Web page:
If you spend enough time reading personal finance, you run into personal finance gurus. The tricky part about gurus is that they may have great ideas but then they need to make money. So they sell you some less great ideas with some light execution help through expensive seminars or courses. This is especially true once you reach a certain size and popularity since everyone needs to cash in at some point, right?
Robert Kiyosaki, of Rich Dad, Poor Dad fame and others, falls into the camp of a lot of great ideas, even if his dads are made up, that gets maligned for other parts of his business. I personally found his ideas of assets vs. liabilities (your car being a liability and not an asset) to be useful, but also his explanation of the Cashflow Quadrant:
The Cashflow Quadrant Explained – How You Earn Income Matters [Coach Carson] – “The Cashflow Quadrant. It’s the main idea of Robert Kiyosaki’s book by the same name. And it’s a powerful one that has guided much of my own entrepreneurial path to seek financial freedom.” Say what you will about Kiyosaki overall but this quadrant concept is a useful mental model.
The Psychology of Money – 16 Lessons for the FIRE Community [Money Flamingo] – “Below I’ve listed the 16 lessons that I found most profound – both for the FIRE Community as a whole and for myself as an investor and semi-retiree. This is not a standard book review, it’s a bit of a mix: a recap of my favourite sections and quotes as well as the conclusions I drew for my own life and relationship with money. Enjoy!” The book is great. This recap is fun too!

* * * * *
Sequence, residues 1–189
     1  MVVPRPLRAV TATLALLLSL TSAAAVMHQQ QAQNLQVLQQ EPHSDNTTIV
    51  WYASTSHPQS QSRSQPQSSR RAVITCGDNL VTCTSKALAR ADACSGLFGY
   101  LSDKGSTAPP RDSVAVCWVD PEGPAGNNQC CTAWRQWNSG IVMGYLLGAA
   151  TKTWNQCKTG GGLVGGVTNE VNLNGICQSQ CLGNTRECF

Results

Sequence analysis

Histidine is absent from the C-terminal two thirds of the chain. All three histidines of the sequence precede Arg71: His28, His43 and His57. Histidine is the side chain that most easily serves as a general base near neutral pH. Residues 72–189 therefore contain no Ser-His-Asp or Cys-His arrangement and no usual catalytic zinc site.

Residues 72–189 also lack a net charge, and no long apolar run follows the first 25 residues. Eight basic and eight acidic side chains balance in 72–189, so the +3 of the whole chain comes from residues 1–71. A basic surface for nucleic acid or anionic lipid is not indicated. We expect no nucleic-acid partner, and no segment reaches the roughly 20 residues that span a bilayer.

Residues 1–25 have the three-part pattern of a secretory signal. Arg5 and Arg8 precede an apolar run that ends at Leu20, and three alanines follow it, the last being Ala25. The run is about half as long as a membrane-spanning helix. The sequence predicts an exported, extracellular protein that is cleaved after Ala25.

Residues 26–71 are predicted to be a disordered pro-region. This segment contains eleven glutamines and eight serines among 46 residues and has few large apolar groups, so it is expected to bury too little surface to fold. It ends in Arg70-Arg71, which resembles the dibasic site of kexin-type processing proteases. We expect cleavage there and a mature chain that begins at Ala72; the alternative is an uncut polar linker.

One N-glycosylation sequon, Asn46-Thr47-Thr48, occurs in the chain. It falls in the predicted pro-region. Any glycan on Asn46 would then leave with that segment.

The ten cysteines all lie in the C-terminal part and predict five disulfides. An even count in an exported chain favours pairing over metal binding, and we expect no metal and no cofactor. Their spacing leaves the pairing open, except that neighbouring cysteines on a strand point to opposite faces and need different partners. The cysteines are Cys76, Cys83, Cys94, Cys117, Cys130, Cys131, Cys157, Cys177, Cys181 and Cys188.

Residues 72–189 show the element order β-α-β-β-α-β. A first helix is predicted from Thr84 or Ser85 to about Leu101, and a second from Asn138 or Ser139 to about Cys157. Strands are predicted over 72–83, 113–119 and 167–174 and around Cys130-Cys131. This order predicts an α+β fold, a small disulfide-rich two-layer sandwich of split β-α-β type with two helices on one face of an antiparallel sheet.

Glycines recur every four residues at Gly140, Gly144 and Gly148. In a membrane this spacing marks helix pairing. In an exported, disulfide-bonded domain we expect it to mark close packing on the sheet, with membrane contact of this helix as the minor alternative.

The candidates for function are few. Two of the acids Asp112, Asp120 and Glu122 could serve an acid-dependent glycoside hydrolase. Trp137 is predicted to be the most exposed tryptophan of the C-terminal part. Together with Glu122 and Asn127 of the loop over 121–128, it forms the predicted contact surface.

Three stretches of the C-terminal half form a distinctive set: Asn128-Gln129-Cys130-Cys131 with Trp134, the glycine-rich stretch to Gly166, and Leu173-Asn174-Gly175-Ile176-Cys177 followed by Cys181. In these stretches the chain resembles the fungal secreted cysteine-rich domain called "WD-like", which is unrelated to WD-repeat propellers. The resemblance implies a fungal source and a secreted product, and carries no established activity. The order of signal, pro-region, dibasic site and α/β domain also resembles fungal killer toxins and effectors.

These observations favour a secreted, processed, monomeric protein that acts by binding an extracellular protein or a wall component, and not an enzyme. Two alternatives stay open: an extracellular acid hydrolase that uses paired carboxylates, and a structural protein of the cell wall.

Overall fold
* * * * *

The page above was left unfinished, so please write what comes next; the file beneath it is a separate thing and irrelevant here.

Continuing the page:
Play the Hand You’re Dealt To Live the Life You Dream [Route to Retire] – “Plan your way to a better life. Don’t just sit on the hand you’re dealt in life if it’s not your dream. And if you’re not good at figuring out what your need to do, bring in people who are good at it to help you. Find a good fee-only fiduciary planner. Work with a career coach or counselor to determine the skills you should learn to get on track with your dream job.”
The crypto dons of Beirut [rest of world] – “The financial crisis has led to a spike in cryptocurrency usage in Lebanon, both as a means of recovering savings through speculative trading and as a way to circumvent a broken banking system. Due to domestic bank restrictions and international sanctions, Lebanese bank accounts and credit cards have been rendered effectively useless for making purchases outside of the country, including buying cryptocurrency on international exchanges. That’s where Awad comes in. Over-the-counter (OTC) suppliers like him are part of a complex and legally murky ecosystem through which cryptocurrency is purchased abroad, sent to Lebanon, and then distributed through a network of dealers to be sold to clients in exchange for hard cash. ”